Conservatism

Why Republicans Won't Get Specific

This squirrel sees right through you, McConnell. (Flickr/Californian Em)
A few years ago, somebody (forgive me for forgetting who it was) suggested that newspapers should have a daily feature called "Things That Are Still True," which would remind readers of important facts that are still important even if they haven't generated news in the sense of being new. In that spirit, during the current budgetary debate it's a good time to remember what I think is one of the three or four most enduring and important facts about American politics and public opinion. Almost half a century ago, Lloyd Free and Hadley Cantril argued that Americans as a whole were ideologically conservative but operationally liberal, meaning that in broad terms they like "small government," but when one gets specific it turns out they like almost everything government does, and want it to do even more of it. This fact explains practically everything about how the Republican and Democratic parties set about appealing to voters. Republicans talk in broad, ideological terms about small...

Election Officials Defend Their Partisan Status

Flickr/Steve Rhodes
This campaign cycle, even election rules were grounds for partisan fighting. Republican Ken Detzner, Florida’s secretary of state, attempted a purge of the voter rolls, prompting accusations of discrimination. In Colorado, Secretary of State Scott Gessler, also a Republican, tinkered with a similar effort. Pennsylvania’s Secretary of the Commonwealth Carole Aichele, another Republican appointed by Governor Tom Corbett, openly supported the state’s voter-ID law. Most famously, there was Jon Husted, Ohio’s Republican secretary of state, whose decision to limit early-voting hours to keep them consistent across the state prompted cries of outrage. All of the partisan wrangling makes Wisconsin, which has a nonpartisan model for running elections , look pretty appealing. In 2008, the Badger State created Government Accountability Board, a group of retired judges approved by members of both parties who administer elections for the state. While it doesn’t stop legislative tinkering—the state...

Conservatives Get Glum

Flickr/Kristina Alexanderson
A look around the web today makes clear that the crisis of American conservatism in general, and conservatives' relationship to the media in particular, is clearly our topic. First, none other than William Kristol, the very axis about whom the Republican establishment spins, is extremely worried about what has become of his movement: And the conservative movement​—​a bulwark of American strength for the last several decades​—​is in deep disarray. Reading about some conservative organizations and Republican campaigns these days, one is reminded of Eric Hoffer’s remark, “Every great cause begins as a movement, becomes a business, and eventually degenerates into a racket.” It may be that major parts of American conservatism have become such a racket that a kind of refounding of the movement as a cause is necessary. A reinvigoration of the Republican party also seems desirable, based on a new generation of leaders, perhaps coming​—​as did Ike and Reagan​—​from outside the normal channels...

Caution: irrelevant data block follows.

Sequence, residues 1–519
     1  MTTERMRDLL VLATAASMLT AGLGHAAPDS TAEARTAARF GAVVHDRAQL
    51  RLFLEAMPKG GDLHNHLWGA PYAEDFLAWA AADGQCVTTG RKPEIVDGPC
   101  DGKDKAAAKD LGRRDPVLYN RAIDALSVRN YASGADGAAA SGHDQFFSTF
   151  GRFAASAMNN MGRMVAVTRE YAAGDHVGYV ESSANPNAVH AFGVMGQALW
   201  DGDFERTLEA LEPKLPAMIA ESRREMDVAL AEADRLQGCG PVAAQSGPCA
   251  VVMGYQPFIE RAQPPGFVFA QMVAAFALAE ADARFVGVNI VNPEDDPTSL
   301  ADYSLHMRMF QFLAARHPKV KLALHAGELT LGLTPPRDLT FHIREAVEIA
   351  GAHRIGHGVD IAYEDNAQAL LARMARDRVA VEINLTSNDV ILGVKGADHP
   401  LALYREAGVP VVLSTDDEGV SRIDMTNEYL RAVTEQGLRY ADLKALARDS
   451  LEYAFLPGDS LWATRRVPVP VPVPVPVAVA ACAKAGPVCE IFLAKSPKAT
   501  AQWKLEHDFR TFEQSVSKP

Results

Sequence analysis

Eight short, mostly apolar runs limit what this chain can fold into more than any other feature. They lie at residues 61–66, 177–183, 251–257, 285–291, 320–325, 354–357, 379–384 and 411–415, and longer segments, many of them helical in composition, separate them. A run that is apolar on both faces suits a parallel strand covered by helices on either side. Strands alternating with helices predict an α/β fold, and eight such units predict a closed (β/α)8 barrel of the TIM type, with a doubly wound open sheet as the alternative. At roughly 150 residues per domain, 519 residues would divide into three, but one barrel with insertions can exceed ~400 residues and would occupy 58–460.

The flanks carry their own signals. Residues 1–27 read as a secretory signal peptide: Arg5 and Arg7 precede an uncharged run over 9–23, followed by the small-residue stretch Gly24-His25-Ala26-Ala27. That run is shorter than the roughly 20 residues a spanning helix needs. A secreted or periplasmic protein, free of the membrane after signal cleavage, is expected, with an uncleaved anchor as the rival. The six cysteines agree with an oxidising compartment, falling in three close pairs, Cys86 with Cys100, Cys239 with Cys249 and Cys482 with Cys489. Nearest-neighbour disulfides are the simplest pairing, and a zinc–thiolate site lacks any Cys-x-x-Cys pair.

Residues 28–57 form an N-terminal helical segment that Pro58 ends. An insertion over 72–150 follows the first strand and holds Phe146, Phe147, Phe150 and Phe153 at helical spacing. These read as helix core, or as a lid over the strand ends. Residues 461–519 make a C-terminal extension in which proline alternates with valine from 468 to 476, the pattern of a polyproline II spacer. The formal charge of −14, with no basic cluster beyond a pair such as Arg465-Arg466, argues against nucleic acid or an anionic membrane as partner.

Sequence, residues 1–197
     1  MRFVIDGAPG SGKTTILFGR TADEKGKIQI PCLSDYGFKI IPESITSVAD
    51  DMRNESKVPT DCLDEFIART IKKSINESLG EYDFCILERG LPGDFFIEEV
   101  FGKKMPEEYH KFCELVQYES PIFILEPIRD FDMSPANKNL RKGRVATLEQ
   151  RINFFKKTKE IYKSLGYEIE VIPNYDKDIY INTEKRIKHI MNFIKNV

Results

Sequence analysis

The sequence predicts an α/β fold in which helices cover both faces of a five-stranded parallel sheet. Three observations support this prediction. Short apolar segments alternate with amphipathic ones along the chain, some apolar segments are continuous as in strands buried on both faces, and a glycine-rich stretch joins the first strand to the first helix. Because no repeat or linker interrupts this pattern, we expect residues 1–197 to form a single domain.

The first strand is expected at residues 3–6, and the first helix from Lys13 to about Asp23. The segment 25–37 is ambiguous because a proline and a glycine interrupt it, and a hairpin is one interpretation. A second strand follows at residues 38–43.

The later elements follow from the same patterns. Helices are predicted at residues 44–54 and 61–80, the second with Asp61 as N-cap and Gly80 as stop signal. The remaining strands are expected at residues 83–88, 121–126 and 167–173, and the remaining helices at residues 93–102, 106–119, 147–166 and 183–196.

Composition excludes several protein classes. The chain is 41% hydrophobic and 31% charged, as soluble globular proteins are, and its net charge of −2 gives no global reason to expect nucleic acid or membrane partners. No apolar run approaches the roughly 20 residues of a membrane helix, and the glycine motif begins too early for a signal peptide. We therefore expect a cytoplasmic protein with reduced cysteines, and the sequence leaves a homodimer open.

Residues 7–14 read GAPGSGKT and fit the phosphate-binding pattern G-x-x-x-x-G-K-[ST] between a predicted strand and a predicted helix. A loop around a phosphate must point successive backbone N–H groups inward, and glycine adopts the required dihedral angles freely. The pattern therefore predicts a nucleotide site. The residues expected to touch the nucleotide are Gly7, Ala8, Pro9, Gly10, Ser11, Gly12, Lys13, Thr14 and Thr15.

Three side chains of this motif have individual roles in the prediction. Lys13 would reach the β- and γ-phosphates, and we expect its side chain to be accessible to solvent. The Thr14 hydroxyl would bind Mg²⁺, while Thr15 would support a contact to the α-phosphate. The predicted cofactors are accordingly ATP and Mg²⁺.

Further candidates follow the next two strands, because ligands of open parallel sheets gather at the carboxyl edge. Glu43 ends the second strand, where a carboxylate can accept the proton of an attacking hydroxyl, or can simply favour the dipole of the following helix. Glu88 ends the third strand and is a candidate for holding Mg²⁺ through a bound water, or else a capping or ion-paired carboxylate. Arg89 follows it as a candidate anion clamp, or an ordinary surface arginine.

Political Punishment as Policy

AP Photo/Paul Sancya
Michigan is about to become a right-to-work state and according to Republicans, labor brought it on itself. That’s because on the November ballot, labor groups put a measure to enshrine collective-bargaining rights into the state Constitution. The measure failed, but for daring to wage the campaign, the unions need to be punished, it seems. Governor Rick Snyder previously avoided right-to-work legislation. "One of my concerns was about raising the whole profile of the discussion about labor issues," Snyder said in an interview with MLive . “I said it could stir up the whole topic that we're discussing right now—right to work—or freedom to choose is the way I prefer to look at it.” Greg McNeilly, who runs the pro-right to work PAC Michigan Freedom Fund, put it even more bluntly. “Bob King put this on the agenda,” he told The Washington Post , referencing the president of the state’s most powerful union, the United Auto Workers. “He threatened this state [with the constitutional...

Dick Morris, Con Artist

And I mean that literally

A few weeks before the election, the invaluable Rick Perlstein published a lengthy article in The Baffler titled "The Long Con," about how successful conservative entrepreneurs have been at separating the right-wing rank and file from their money over the past few decades. If you were to sign up for updates from the likes of Human Events or World Net Daily , you'd be inundated not only with come-ons from political groups but with innumerable offers for miracle cures for every ailment under the sun. "The strategic alliance of snake-oil vendors and conservative true believers points up evidence of another successful long march," Perlstein wrote, "of tactics designed to corral fleeceable multitudes all in one place—and the formation of a cast of mind that makes it hard for either them or us to discern where the ideological con ended and the money con began." In today's political universe there may be no pundit more ridiculous than Dick Morris, who never hesitates to offer a prediction...

Can the Republican Party Move Back to the Center?

Those two guys in the front knew how to do it. (White House/Pete Souza)